Stop smoking – withdrawal
Sweating, irritability, headache, depression. Anyone who has ever tried to quit smoking will recognise these withdrawal symptoms. It is a tough battle, sometimes it can feel impossible to get through a single second without taking one last puff.
But remember, you can get help for withdrawal. Withdrawal symptoms are temporary – your good health is forever. 😍
Stop smoking and withdrawal - all you need to know
What is withdrawal?
What does withdrawal mean? The word has multiple meanings but has been used to refer to the physical reaction to the cessation of an addictive substance since 1916. When it comes to smoking, withdrawal refers to the physical and mental symptoms you feel when you stop taking the addictive substance, nicotine.
When you stop smoking, using snus or other tobacco products, you may experience a wide range of withdrawal symptoms. These can be psychological or physical symptoms. Of course, feeling intense nicotine cravings is quite common. You may also be extremely irritable and short-tempered. It is not unusual to feel down - depression is a known withdrawal symptom. Mood swings, including anxiety and difficulty concentrating, are also known to occur.
Purely physical withdrawal symptoms, that is, those you experience in your body, may include:
- sleep disturbances
- increased appetite
- abdominal pain
- digestive issues
Withdrawal symptoms can be very unpleasant and make it really difficult to maintain your motivation to stay smoke-free. But even if you feel a bit rough, these symptoms themselves are not dangerous for your health. They will pass.
One day at a time – that's how you conquer nicotine withdrawal
How long do nicotine withdrawal symptoms last? It is different for everyone. Some people may experience mostly physical withdrawal symptoms, while others will notice that withdrawal has a greater impact on their mental state. Physical symptoms typically last just a few days - it is the psychological stress, the habit itself, that can take much longer to shake.
Let’s take a look at what nicotine withdrawal feels like, day by day:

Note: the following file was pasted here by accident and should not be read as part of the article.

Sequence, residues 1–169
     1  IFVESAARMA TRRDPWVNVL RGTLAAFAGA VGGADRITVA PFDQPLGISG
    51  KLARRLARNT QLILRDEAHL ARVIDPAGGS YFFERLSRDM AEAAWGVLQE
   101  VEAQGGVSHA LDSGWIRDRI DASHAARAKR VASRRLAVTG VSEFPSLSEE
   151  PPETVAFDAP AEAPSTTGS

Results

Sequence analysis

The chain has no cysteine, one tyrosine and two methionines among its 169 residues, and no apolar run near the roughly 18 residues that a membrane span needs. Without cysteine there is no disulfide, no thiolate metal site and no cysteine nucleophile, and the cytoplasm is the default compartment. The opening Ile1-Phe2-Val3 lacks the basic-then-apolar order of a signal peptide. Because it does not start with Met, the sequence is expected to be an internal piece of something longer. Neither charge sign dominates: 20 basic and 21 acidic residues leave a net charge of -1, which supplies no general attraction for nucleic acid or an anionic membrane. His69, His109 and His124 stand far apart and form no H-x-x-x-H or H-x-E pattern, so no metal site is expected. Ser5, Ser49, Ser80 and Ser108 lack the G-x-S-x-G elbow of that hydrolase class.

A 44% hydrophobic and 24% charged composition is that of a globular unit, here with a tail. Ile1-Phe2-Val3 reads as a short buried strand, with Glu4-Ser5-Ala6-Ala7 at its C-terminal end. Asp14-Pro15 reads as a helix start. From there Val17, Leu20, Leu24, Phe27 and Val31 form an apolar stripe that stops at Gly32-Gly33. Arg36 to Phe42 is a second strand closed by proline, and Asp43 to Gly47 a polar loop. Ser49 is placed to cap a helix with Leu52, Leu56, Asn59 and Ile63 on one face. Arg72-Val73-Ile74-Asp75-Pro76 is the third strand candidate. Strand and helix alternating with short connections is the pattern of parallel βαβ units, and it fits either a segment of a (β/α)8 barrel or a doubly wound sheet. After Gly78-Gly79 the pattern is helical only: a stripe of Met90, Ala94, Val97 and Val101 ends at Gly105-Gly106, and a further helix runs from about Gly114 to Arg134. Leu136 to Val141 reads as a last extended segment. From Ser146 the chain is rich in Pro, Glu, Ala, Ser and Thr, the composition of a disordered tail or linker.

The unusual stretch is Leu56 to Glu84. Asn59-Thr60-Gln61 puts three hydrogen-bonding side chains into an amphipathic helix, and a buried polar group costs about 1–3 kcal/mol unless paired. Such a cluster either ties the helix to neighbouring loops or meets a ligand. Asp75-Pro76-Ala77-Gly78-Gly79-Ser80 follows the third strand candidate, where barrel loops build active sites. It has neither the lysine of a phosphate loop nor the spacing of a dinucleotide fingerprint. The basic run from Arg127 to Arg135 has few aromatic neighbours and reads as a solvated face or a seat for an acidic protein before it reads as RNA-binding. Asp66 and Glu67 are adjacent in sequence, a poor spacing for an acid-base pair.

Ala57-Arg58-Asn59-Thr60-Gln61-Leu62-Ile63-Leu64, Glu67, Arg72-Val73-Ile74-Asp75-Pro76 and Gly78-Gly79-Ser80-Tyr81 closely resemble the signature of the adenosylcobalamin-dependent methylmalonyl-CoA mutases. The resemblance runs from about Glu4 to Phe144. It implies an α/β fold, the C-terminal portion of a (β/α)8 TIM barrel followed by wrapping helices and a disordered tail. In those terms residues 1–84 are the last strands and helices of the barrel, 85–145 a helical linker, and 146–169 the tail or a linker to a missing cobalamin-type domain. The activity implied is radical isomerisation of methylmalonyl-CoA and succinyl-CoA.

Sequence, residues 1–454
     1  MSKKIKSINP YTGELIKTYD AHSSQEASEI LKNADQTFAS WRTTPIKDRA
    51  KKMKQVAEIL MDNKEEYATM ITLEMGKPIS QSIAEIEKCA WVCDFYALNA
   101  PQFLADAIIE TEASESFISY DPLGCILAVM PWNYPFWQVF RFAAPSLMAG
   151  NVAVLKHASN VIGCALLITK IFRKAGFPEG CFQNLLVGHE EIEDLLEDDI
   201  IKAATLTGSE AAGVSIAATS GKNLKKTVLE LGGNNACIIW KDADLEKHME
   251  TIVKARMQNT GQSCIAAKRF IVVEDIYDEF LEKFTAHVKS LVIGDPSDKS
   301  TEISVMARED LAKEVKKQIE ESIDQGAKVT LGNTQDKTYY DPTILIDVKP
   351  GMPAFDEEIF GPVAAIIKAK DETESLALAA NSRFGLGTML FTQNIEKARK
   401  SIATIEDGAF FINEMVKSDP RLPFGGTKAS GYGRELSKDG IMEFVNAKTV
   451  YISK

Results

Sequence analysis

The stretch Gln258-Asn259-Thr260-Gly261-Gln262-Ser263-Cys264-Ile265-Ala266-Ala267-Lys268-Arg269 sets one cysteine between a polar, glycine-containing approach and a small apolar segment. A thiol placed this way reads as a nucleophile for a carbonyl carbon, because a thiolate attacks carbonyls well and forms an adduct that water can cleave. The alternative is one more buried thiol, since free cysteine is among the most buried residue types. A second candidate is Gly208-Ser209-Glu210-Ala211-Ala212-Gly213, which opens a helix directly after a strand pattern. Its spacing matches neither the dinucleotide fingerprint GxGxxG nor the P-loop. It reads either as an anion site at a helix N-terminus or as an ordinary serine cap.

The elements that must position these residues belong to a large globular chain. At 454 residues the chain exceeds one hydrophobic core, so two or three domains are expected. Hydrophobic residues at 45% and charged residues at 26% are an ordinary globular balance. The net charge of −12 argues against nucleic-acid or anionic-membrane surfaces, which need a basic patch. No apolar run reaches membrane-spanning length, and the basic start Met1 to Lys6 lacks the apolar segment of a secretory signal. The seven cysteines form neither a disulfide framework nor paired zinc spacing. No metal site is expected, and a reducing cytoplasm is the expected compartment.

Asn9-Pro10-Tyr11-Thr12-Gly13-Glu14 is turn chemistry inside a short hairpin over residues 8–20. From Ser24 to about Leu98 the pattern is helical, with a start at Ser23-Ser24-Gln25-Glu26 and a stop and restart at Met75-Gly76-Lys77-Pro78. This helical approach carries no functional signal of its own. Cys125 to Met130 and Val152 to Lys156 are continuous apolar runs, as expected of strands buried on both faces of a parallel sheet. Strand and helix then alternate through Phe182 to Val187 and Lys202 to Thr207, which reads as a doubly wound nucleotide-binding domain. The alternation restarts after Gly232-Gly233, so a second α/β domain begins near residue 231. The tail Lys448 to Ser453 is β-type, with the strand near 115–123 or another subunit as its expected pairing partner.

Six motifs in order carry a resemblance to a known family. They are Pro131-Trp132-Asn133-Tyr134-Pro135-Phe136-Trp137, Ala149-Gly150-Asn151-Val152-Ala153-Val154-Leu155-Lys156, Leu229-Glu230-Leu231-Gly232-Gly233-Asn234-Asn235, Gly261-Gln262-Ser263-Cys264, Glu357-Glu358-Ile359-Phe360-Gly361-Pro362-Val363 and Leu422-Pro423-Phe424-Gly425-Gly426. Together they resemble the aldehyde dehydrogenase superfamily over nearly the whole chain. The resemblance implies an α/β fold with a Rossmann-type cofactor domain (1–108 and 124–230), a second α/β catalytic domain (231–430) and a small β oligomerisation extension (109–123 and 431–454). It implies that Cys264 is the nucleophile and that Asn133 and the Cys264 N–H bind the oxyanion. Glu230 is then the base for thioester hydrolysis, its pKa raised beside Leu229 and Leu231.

- You will typically notice physical withdrawal symptoms within 4 to 24 hours after your last cigarette, snus pouch or other tobacco product.
- Withdrawal symptoms tend to be the most intense after three days without nicotine. Over the next three or four weeks, symptoms gradually disappear.
Cigarette cravings and triggers
Cravings can be intense, and your mind can play tricks on you once you put out that last cigarette. Certain environments, people and situations can easily trigger your craving for a cigarette, snus pouch or other tobacco product, even though your body has actually become accustomed to fighting off the feeling of needing nicotine. 🤔
When withdrawal symptoms and triggers sneak up on you in situations like these, it can help to focus on the positive aspects of being cigarette and tobacco-free.
You most certainly have noticed some considerable improvements? For example, maybe your sense of taste and smell have started to become sharper? Or maybe your breathing is not as laboured?
Help with withdrawal symptoms – useful tips
Withdrawal is tough, but you are tougher. With a number of good strategies and advice, you can come out on the other side of this feeling happier and more energetic.
- Make a list of the reasons you are stopping. 📝
When the cravings are the strongest, you can focus on why you want to stop smoking or using snus or other tobacco products. Maybe you are doing it for your health. You certainly may have your own, deeply personal motives for wanting to be smoke and tobacco-free. Keep a list with you and read it when the cravings are the worst.
Have you made it through an hour without a cigarette? Great! Have you made it through a week? Brilliant! Every little step is a victory and worth celebrating. YOU are worth celebrating. I t doesn’t have to be something expensive or complicated. Find something that lifts your spirits. A walk in the woods, a delicious dinner or a warm bath can all be nice rewards when you manage to conquer those cravings.
- Be sure to surround yourself with supportive people. 👭
Getting support from the important people in your life is vital for getting through this. Friends and family can be a great support, but it is also good to be able to lean on someone who has gone through exactly what you are going through. Do you know an ex-smoker? Reach out to them and have a chat when you need to - they know exactly how you feel.